Everything Aussie Traveller's Need To Know About Indonesia's Sex Ban - Men's Health Magazine Australia

Everything Aussie Traveller’s Need To Know About Indonesia’s Sex Ban

Indonesia has introduced a bonk ban. New laws will prohibit cohabitation and sex outside of marriage. Here’s everything Aussie traveller’s need to know.

Indonesia’s parliament has passed a revision to the criminal code that will ban pre-marital sex. The legal changes will need to be followed by any foreigners visiting the country, potentially spelling trouble for the many amorous Aussie’s who make the overseas trip every year.

For many Australians, a trip to the tiny Indonesian island of Bali is an annual occurrence, a rite of passage and a cheap way to let loose overseas. Aussie’s have a long history of tourism in Indonesia, with almost 1.4 million Australian’s visiting the nation every year, many of which flock to Bali. The island has a reputation as a haven for relaxation and escapism, offering tourists the opportunity to experience a more libertine lifestyle. But strict new laws could be problematic for Aussie tourists, with the lifestyle that the island paradise begets suddenly under threat.

The ‘bonk ban’ as it is being called, is just one amongst many legal changes hitting Indonesia. This week, Indonesia’s parliament approved a number of amendments to the criminal code, including banning the promotion of contraception, prohibiting citizens from insulting government officials and state institutions, and even stretching as far as outlawing black magic.

Critics say the worrying legal changes undermine civil liberties and human rights. Under the new laws, sex outside of marriage will be punishable by up to one year of jail-time. Unmarried couples living together could also be jailed for up to six months. Surely that’s enough to deter horny tourists looking to get lucky on the streets of Kuta.

Bali is one of the few Hindu majority areas of the mostly Muslim Indonesia. The island has a population of just over four million and depends on tourism as its primary industry. Bali has struggled economically since Covid essentially eliminated its main money maker. Giving prospective holiday makers another reason to avoid a trip could be disastrous.

What if you’ve already booked a trip to Indonesia? You’re not alone, thousands of Aussies are expected to have already planned their annual exodus to Bali and there is some relief. The new laws won’t come into effect for three years. Meaning that the summer boys’ trip or romantic getaway with your partner is still on. So don’t go cancelling your flights just yet.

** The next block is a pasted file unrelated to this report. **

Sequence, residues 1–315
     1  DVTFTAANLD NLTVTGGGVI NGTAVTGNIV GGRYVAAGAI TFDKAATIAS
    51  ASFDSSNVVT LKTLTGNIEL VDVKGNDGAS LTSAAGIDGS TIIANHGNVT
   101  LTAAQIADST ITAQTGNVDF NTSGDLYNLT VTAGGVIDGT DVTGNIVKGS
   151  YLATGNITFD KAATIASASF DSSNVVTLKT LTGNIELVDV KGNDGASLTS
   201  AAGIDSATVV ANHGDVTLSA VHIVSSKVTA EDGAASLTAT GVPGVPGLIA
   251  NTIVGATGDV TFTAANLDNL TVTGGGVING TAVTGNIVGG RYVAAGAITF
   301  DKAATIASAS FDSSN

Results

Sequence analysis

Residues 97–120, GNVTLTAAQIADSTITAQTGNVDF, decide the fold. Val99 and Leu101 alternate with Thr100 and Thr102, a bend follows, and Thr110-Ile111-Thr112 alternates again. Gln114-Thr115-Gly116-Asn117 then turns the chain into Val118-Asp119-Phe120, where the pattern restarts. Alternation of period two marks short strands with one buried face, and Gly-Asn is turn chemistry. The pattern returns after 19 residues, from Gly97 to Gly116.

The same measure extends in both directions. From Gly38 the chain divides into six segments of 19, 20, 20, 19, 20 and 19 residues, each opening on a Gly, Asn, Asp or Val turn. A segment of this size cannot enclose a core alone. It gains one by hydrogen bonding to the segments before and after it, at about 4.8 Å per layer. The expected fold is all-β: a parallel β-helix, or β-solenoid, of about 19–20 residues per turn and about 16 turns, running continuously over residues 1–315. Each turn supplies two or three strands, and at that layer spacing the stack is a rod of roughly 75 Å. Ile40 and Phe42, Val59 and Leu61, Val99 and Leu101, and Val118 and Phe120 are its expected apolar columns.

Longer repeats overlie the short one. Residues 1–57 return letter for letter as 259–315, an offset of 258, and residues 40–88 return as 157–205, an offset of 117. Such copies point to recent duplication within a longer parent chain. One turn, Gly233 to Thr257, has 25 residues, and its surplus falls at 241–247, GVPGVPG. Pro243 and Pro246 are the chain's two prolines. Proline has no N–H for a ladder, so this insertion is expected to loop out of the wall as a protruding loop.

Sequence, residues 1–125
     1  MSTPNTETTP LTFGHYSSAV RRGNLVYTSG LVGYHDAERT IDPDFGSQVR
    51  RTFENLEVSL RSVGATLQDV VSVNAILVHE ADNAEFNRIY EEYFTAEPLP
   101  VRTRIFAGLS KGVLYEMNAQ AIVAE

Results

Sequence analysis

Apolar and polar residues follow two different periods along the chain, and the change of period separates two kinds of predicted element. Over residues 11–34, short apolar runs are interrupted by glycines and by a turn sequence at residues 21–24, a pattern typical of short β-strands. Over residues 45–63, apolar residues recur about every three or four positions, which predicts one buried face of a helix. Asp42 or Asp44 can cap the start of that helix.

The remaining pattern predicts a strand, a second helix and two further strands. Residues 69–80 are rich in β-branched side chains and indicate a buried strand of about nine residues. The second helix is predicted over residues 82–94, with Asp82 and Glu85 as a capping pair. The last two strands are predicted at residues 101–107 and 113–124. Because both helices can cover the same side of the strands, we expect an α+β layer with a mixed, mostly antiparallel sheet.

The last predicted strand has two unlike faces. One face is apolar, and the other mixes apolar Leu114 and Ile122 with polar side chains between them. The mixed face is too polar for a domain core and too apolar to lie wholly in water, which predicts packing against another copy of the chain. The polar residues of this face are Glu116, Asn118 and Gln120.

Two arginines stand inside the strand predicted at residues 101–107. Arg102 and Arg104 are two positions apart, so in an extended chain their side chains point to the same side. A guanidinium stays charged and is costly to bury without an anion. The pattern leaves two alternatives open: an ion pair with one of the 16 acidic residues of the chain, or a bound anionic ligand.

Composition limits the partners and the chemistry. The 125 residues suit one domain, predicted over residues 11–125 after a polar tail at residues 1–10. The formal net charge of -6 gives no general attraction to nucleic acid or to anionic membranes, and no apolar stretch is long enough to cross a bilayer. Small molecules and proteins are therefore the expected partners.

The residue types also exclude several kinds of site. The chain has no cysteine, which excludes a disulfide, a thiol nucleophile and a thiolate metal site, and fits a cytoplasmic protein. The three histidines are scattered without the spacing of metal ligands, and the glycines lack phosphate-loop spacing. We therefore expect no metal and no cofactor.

Once the laws are in place, it’s not entirely clear how they will be enforced. Police will only be able to investigate offences if they are reported by a family member. Unless your overbearing parents dob you in, it’s unlikely that lusty Australian tourists will be in trouble. But it’s probably unwise to adopt a ‘try and stop me’ approach to holiday love making. It also wouldn’t be a great idea to test the limits of the laws by pranking your mates with false police reports.

Andreas Harsono, a researcher at Human Rights Watch warned Aussie tourists to be cautious about who they sleep with while on vacation. He explained that a tourist getting it on with another tourist might not be a big deal, but having relations with a local could land you in hot water. “Let’s say an Australian tourist has a boyfriend or a girlfriend who is a local, then the local’s parents or the local’s brother or sister reported the tourist to the police. It will be a problem.” Harsono told the ABC.

For those who see a holiday in Bali as the perfect opportunity to get their socks off, you might need to rein it in (thongs are far more common anyway). The new laws won’t see you jailed for promiscuous bedroom activities for the next three years, but they could ultimately represent the end of Australia’s favourite holiday destination

By Cayle Reid

Cayle Reid is a fan of everything sports and fitness. He spends his free time at the gym, on his surfboard or staying up late watching sports in incompatible time zones.

More From